If you had to elevator pitch Booksmart, it would be easy: Superbad with nerd girls. Both movies are R-rated coming-of-age comedies about awkward, unpopular high school students on the cusp of graduation. In both cases, best friends – about to be separated by different post-school plans – are desperate to get to the biggest party in town, and prove that they know how to have a good time, just like the cool kids. Wild misadventure ensues.
Yes, you probably know the drill with these debauched teen comedies. But Superbad is also 12 years old now, and until Booksmart nobody has (to my knowledge) depicted female experience in the same vein. Is there a difference? Not really, but Booksmart is a welcome update of the concept, providing an amusing, perceptive and authentic-feeling look at high school life as it stands today. Once you delve past the often contrived comedic set-pieces, that is.
There’s no bullying in Booksmart; no swaggering jocks out to demean others. Sexual orientation is a non-issue. Gossip is still a tool for turning people into outcasts though. Meanwhile, classmates are shunned for trying too hard, and phones are regularly hauled out to capture pivotal moments, good or bad, and immediately share them on social media.
This is the world of Booksmart’s heroines, Molly (Beanie Feldstein) and Amy (Kaitlyn Deaver), two brainy dorks who realise their prioritising of academics has given them a lopsided high school experience. They’ve missed out because all their irresponsible, unfocussed classmates still got accepted to top colleges. Horrified by this revelation, the night before graduation Molly and Amy set out to restore balance by consciously going wild.
There’s no question that Booksmart suffers from preview over-revelation. Watch the regular or red band trailer and you’ve seen a good chunk of the film’s comedic highlights. But honestly, it’s not the R-rated shenanigans that make Booksmart stand out. We’ve seen booze and drug-fuelled teen debauchery played for laughs many times. The big selling point here is the film’s heart, which frequently shines through in the quieter moments between the implausibility. It’s these moments that make Booksmart feel real and relatable.
There’s also real meat to the characters. Molly and Amy may be incredibly smart but they have important life lessons to learn. Class president Molly has an exceptionally forceful personality and is dead-set on becoming the youngest ever Supreme Court Judge. She’s also arrogant and has dismissed many classmates as academically inferior, and therefore not worth her time.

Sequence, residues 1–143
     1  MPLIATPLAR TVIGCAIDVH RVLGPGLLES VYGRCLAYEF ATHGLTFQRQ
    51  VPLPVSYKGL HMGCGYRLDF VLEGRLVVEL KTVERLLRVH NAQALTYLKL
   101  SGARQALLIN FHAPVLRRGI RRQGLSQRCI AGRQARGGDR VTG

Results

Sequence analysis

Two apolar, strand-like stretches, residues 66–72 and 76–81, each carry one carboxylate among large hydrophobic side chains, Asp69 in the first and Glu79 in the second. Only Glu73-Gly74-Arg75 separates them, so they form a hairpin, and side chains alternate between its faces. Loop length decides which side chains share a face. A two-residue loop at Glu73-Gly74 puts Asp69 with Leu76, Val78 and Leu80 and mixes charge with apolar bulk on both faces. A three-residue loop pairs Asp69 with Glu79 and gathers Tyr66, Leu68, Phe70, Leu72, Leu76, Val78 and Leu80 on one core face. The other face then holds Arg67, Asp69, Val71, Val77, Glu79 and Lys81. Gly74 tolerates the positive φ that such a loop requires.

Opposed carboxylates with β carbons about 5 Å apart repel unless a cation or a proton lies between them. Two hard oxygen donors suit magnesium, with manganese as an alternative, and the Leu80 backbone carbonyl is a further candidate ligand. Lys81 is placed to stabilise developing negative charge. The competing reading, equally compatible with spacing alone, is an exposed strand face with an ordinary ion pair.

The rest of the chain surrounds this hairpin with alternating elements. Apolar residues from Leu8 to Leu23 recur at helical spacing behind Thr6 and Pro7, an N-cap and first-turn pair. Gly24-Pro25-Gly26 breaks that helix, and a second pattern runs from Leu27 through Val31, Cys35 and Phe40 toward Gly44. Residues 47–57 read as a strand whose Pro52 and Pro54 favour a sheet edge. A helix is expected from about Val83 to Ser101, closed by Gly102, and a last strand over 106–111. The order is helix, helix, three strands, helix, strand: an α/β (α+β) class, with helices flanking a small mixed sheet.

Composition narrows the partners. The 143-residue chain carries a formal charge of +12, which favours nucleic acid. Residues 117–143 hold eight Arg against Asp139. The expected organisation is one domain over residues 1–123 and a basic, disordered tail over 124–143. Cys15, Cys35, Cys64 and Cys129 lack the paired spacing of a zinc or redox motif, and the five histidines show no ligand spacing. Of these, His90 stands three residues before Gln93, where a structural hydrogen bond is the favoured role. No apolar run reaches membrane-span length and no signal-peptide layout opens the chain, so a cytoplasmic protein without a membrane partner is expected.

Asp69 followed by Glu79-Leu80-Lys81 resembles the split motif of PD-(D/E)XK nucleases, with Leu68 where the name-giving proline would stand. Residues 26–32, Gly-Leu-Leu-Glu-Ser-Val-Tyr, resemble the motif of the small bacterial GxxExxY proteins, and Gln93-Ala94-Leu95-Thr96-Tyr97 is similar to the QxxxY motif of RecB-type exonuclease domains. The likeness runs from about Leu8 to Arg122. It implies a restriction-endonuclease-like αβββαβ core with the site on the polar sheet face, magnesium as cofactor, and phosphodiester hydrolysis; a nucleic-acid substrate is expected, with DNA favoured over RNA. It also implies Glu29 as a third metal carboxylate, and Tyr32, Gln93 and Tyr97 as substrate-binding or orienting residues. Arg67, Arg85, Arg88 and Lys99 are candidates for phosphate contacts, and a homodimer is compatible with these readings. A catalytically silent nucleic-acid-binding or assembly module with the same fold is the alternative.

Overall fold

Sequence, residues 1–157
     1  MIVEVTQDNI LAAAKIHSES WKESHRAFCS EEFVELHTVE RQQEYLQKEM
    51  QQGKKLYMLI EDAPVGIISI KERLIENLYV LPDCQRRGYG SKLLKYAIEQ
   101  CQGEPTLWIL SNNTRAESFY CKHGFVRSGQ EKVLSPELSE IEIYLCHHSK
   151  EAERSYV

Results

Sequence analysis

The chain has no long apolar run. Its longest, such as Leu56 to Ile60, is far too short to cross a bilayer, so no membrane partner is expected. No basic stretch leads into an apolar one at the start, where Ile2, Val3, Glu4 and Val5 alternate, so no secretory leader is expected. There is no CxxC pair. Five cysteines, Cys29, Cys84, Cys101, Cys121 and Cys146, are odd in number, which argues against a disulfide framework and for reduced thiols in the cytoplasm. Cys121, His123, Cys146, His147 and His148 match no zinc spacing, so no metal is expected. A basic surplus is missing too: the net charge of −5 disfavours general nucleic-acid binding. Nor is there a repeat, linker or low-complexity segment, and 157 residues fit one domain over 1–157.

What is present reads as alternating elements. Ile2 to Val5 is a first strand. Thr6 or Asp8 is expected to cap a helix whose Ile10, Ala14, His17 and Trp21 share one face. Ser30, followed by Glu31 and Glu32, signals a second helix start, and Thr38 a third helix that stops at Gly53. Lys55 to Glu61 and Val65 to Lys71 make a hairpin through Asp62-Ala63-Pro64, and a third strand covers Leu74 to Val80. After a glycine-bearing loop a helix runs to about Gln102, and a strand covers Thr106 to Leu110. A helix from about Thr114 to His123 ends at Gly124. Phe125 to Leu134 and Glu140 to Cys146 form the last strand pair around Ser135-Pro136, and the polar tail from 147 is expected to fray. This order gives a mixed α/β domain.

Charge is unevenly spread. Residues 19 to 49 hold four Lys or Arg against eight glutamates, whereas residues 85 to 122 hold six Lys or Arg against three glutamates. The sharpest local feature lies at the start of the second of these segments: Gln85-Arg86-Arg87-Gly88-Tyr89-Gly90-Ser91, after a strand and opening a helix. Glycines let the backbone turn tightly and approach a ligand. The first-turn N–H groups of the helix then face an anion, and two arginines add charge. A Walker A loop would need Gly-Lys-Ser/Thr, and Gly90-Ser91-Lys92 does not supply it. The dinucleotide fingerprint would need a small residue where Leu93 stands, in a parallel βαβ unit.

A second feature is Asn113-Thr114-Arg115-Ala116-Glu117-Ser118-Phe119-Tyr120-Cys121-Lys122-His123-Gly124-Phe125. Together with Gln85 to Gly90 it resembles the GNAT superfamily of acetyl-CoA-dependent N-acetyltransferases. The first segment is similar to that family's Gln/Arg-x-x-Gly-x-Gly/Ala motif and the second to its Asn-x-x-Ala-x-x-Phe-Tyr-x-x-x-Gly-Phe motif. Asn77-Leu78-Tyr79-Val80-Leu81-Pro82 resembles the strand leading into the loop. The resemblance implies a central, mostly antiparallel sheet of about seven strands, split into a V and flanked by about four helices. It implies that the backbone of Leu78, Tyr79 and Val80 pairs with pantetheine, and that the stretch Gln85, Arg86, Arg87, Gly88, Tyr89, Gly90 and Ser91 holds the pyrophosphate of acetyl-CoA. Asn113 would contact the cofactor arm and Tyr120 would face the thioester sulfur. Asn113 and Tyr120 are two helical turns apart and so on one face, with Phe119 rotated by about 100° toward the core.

Meanwhile, timid Amy must become more assertive, having been railroaded by Molly for most of their friendship. Amy’s also a lesbian, but despite being out for two years has never acted on her crush for free-spirited classmate Ryan. Graduation eve is her final chance.
The audience follows the girls as their naturally disastrous evening progresses and they start digging through their school’s social strata. This brings them closer to their own important self-revelations. In the process, the film veers out of superficial and often silly shock-comedy turf into the thematic realm of John Hughes – with contemporary stylings of course.
Amy and Molly face harsh truths about their friendship. They also start to see their classmates in new, multi-dimensional ways. They’re not just the dumb jock, class slut, overbearing rich boy, and mean girl, and their stories ring true. Although there are stinging moments, Booksmart dismantles judgementality and sidesteps nastiness.
It doesn’t hurt that the movie has a highly likeable young cast (some, like Billie Lourd, with very familiar faces), and that they’re backed by the relaxed adult presences of Jessica Williams and Jason Sudeikis as school faculty, and Lisa Kudrow and Will Forte as Amy’s hyper-Christian-but-supportive parents.
Booksmart is also notable as the directorial debut of Olivia Wilde, with a script crafted by an all-women writing team. It’s always seemed like Hollywood has never known what to do with Wilde and her combination of beauty, smarts, sense of humour and strong opinions. As a result, she’s veered away from the mainstream and headed down the offbeat indie cinema route instead. The actress has enjoyed much better utilisation on TV in the past, particular with House. But Booksmart shows her to be a sharp, smart filmmaker, able to draw out credibility in-between the genre’s requisite ridiculousness.
Despite critical acclaim, Booksmart underperformed at the US box office. That’s a pity because the movie freshens up a well-tread formula by veering into new representational turf – while refusing to coast on that achievement. Hopefully, Booksmart will be found by many real-life booksmart girls and over time see its reputation grow, much like gossip spread around the classroom. Booksmart deserves the appreciation.
Last Updated: June 18, 2019